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HMICFRS publishes vetting and corruption reports for forces

HMICFRS has published individual inspection reports for 12 forces, after making changes last year to the way it reports on how effectively police forces manage vetting and counter-corruption.

HMICFRS has published separate reports assessing the effectiveness of vetting and counter-corruption arrangements within forces for the first time. 

This signals a change in approach by the inspecting body, which previously assessed this area during PEEL inspections, though its methods of assessment remain the same.

Ratings have been given for five of the 12 forces whose reports have been published today (November 17), with the remaining seven given no graded judgment owing to their inspections being carried out less recently. 

Of the five, Nottinghamshire and South Wales Police (SWP) were both rated as 'good', while Dorset and Cumbria were both given a 'requires improvement' rating. Kent was assessed as 'adequate'.

HMICFRS found that both Nottinghamshire and South Wales Police had effective vetting procedures, but recommended that both introduce a system to monitor and respond to disproportionality in vetting decisions.

In terms of counter-corruption, Nottinghamshire was praised for having expanded its dedicated unit which has been responsible for 'some examples of proactive intelligence development using IT monitoring and proactive system audits'.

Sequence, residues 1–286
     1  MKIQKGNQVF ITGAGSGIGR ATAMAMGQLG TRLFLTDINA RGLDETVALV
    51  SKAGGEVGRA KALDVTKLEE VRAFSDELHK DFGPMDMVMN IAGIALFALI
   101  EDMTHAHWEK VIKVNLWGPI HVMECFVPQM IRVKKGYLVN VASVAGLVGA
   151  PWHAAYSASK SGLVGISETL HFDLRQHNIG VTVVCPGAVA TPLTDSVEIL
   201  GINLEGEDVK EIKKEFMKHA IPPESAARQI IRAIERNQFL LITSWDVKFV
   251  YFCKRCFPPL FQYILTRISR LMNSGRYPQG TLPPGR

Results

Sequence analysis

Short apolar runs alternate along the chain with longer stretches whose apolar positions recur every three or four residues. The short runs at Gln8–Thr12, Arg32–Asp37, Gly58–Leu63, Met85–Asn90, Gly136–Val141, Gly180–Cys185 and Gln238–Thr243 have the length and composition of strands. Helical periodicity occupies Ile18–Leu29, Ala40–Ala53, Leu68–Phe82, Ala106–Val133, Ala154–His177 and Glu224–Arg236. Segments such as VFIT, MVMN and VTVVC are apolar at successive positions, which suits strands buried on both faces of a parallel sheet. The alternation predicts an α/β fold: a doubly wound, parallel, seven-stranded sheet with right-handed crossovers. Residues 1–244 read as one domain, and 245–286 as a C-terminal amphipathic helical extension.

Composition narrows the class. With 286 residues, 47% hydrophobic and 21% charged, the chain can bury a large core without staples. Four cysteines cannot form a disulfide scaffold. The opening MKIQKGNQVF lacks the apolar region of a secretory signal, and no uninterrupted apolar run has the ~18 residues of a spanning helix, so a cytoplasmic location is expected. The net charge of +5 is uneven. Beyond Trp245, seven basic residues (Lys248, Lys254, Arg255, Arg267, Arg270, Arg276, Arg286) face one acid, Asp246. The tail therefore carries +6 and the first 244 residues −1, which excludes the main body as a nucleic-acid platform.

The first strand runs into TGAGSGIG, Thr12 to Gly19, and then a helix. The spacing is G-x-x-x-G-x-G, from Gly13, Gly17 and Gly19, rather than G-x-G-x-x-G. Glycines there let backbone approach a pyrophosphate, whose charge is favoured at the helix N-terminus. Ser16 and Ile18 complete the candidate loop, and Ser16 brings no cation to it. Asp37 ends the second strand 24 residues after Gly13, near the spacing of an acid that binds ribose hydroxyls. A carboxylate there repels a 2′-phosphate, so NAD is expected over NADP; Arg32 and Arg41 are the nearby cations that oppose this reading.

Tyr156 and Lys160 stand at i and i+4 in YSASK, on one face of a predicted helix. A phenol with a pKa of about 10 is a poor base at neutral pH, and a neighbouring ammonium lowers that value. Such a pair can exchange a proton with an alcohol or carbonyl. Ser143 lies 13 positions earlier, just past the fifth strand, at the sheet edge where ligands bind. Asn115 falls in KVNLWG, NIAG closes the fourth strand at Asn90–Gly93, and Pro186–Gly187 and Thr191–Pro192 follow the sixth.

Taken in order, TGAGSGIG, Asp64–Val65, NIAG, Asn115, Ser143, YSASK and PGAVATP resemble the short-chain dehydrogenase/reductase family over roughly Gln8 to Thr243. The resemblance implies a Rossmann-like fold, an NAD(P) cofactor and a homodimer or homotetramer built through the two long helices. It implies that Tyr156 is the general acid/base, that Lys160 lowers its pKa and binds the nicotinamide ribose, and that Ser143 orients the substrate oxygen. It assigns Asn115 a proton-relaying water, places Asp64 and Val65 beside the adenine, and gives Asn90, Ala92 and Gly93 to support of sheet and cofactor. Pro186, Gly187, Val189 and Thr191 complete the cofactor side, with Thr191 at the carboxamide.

HMICFRS reviewed 60 of SWP's corruption intelligence case files, with the force found to have responded effectively in most instances. 

The Chief Constable for SWP, Jeremy Vaughan, welcomed the report: "I am reassured by the positive feedback we have received from the independent, external assessment of how we promote an ethical culture and challenge unprofessional behaviour."

HMICFRS found that Cumbria Constabulary's 'overall understanding of the workforce’s vetting status is not effective', and identified further improvements to be made with its recording of corruption-related intelligence.

A spokesperson for Cumbria Constabulary said: "Since the inspection in [December] 2021, the Constabulary has purchased the national vetting system Corevet, as well as also purchasing a national counter corruption auditing system.

"The introduction of these new systems have improved both vetting and counter-corruption system, whilst bringing the force in-line with national standards."

While acknowledged for having made strides with its vetting procedures, Dorset Police was urged to further improve its management to make sure all personnel have valid vetting clearance for their role.

Meanwhile, for counter-corruption, HMICFRS identified resourcing as an area for improvement for the force alongside developing better relationships with organisations which support vulnerable people.

Dorset's Deputy Chief Constable, Sam de Reya, said the force has "already made significant improvements" to the key issues identified since the inspection was carried out in March.

The other seven forces assessed in reports published today are: Thames Valley Police, Leicestershire Police, West Mercia Police, Greater Manchester Police, Bedfordshire Police, Hertfordshire Police and Cambridgeshire Police.

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